As Election Day nears, organizations around the county are making sure voters have the chance to be informed about the candidates running for seats on the Frederick County Board of Education by hosting virtual forums.
The Frederick County Teachers Association (FCTA) questioned the candidates on topics ranging from the reopening of schools to national and state testing during a virtual forum this week.
There are three open seats on the board. Current board members Lois Jarman and Rae Gallagher are running to retain their positions and board member Michael Bunitsky is stepping down. After a primary in April, the field of candidates was narrowed down to a final six.
A majority of the FCTA forum focused on the pandemic and how the school system should move forward in terms of reopening.
Jason Johnson said he believes FCPS should not rush to bring students back into buildings.
“I believe we should open schools in a smart, steady fashion and steady pace. The passion to get back into schools is strong and I understand that,” he said. “I am in support of keeping students virtually as long as the metrics show that we have increasing numbers [of cases].”
Gallagher said the metrics need to be clear and parameters need to be set. For example, once the school system moves into a hybrid model, parents should not be able to switch their child to in-person learning at any time, she said.
“There are going to be a lot of logistics from transportation to classroom size to number of students in the classroom that will create a logistical nightmare if parents and students can opt-in and out at any time. There have to be defined parameters otherwise the hybrid model is going to get very tricky,” Gallagher said.
Candidates were also asked about athletics and whether there should be a full return to play.
Sue Johnson said she is the safety officer for a local youth baseball league and that they have been playing since mid-July. There have been positive cases among players and coaches, but sh said they have been able to effectively mitigate them.
“I do think we can safely open all outdoor activities...I think that our public schools should have a plan that is flexible and sustainable, so that if you do have some kind of issue with an outbreak, you can shut that program down,” she said.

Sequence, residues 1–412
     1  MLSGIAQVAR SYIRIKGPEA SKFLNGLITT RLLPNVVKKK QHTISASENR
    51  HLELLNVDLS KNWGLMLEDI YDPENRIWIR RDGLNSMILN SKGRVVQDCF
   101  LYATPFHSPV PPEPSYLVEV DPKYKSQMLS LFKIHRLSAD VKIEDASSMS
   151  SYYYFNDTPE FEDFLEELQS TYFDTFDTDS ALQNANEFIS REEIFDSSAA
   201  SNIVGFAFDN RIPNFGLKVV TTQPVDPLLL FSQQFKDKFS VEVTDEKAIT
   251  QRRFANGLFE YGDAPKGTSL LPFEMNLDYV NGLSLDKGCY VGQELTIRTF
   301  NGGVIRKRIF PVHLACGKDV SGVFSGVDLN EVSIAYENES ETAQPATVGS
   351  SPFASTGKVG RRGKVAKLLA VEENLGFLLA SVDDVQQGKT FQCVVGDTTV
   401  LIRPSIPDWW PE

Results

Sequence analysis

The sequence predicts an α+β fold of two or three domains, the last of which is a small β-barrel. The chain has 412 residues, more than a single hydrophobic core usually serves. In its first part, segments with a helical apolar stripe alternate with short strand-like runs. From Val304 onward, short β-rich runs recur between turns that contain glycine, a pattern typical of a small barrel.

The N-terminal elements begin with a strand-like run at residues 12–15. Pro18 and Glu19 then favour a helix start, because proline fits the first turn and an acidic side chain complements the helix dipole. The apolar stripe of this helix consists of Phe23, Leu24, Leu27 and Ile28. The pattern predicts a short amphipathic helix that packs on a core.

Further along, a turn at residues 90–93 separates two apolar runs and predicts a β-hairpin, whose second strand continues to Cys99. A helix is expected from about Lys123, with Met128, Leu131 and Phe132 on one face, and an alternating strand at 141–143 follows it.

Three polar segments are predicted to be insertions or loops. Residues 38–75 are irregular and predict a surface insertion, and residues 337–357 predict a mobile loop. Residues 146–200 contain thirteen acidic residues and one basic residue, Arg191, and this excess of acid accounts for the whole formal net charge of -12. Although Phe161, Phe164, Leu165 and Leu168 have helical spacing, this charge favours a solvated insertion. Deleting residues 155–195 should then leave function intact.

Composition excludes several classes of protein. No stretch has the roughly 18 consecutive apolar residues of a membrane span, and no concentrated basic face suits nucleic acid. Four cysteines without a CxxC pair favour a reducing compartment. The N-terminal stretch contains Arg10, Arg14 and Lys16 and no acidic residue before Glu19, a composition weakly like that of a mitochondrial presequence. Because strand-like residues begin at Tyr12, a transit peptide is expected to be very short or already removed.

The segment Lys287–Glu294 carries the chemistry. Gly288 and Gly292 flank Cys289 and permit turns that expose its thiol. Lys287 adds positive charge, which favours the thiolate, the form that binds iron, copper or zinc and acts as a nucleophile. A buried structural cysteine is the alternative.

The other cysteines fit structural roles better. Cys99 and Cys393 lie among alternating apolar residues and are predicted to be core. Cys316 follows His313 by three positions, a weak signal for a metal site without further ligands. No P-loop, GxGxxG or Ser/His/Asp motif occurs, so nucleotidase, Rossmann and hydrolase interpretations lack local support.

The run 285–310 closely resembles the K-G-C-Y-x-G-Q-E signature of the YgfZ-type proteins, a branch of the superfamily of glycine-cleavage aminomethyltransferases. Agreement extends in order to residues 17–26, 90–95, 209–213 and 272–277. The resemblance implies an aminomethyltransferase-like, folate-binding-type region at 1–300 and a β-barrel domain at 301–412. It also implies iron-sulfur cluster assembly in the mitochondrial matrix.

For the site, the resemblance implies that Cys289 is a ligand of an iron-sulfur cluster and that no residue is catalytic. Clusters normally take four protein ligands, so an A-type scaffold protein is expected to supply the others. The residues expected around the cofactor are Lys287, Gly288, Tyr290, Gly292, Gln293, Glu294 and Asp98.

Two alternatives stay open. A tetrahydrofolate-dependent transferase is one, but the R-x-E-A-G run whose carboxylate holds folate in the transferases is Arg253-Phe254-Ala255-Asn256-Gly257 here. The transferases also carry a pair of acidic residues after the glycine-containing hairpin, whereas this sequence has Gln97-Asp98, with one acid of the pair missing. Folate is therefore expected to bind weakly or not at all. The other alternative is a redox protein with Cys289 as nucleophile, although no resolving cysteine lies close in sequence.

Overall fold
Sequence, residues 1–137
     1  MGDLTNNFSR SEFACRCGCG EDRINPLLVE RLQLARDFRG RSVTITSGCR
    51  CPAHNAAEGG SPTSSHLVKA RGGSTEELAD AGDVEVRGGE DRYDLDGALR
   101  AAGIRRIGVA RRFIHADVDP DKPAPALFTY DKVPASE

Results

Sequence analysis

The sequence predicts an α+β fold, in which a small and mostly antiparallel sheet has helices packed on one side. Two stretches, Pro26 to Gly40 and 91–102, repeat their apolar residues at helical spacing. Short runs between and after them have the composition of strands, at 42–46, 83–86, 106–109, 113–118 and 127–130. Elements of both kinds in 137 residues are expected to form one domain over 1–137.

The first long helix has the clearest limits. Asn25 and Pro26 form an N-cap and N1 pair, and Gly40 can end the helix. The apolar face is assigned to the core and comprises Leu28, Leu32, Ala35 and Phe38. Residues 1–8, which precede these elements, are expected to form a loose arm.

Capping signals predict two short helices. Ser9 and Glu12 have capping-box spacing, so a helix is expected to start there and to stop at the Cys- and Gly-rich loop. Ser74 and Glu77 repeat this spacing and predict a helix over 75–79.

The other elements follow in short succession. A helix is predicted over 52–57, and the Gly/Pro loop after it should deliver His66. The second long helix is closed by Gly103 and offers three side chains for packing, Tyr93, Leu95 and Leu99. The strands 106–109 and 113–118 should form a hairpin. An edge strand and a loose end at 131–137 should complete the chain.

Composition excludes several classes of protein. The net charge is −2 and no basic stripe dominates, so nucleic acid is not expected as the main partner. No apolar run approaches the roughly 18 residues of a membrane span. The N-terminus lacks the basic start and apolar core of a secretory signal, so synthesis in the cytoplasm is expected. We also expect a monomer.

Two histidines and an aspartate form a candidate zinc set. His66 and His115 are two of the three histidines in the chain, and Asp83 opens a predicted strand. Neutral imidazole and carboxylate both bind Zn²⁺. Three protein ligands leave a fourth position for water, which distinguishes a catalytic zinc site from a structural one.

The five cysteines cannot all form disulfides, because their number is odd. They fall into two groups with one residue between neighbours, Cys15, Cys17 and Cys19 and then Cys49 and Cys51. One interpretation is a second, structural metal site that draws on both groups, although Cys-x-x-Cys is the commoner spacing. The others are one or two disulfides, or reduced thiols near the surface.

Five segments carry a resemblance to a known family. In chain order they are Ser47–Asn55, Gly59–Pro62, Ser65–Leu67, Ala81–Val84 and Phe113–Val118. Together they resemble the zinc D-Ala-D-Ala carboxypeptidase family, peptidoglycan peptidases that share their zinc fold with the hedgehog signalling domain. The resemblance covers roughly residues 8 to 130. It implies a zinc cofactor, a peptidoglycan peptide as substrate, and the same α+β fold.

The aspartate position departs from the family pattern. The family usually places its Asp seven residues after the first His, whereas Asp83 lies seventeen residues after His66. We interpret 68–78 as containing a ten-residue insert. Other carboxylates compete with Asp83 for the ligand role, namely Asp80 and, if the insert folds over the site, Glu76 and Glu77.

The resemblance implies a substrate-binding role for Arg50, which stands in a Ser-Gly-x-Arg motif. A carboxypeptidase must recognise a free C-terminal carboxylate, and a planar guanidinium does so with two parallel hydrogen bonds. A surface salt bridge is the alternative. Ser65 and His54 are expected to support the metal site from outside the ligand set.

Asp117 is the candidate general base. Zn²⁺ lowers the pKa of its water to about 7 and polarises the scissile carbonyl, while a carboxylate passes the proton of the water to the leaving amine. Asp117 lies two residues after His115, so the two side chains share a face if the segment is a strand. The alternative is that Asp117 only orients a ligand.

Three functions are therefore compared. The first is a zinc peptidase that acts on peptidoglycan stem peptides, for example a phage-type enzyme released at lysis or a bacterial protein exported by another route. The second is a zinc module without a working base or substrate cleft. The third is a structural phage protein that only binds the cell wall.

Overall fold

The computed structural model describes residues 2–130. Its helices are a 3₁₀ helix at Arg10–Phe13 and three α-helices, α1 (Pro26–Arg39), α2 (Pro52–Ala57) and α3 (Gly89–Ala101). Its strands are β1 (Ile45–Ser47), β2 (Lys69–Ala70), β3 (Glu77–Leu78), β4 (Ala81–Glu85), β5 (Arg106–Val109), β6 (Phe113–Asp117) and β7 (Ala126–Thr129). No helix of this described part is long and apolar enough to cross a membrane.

Jarman offered a counterpoint to Sue Johnson’s argument and said the thing she is most worried about with a return to play is equity and making sure everyone adheres to safety protocols.
“We’ve received a number of letters from parents who are very, very enthusiastic about having their children return to athletics and they are discussing carpools and driving and those sorts of things. We have to be concerned about social distancing, we have to be concerned about students who don’t have the option for transportation,” Jarman said.
In addition to pandemic-related topics, the candidates also spoke about ways in which the school system can improve as a whole.
David Bass said he is a strong proponent of making sure diversity and equity are at the forefront of FCPS’s priorities. That means making sure documents and meetings are translated into Spanish and other languages, making sure the curriculum highlights diverse scholars and authors and making sure there are teachers of color present throughout the county, he said.
“I know that my own education would have been insufficient without having teachers of color or a variety of perspectives in the curriculum,” Bass said.
Dean Rose said FCPS needs to change its recruiting tactics and think about the long-game.
“We have to do everything possible to encourage our students that going into education is a valuable position within our world and...we’ve got to go recruit existing teachers of color,” Rose said. “Once we get in line with our benefits and pay scale, we’ve got to sell them on coming to Frederick and providing the type of education that our children deserve. We’ve got to start going after established teachers of color.”
The candidates will participate in another virtual forum held by the League of Women Voters of Frederick County on Oct. 13 at 7 p.m.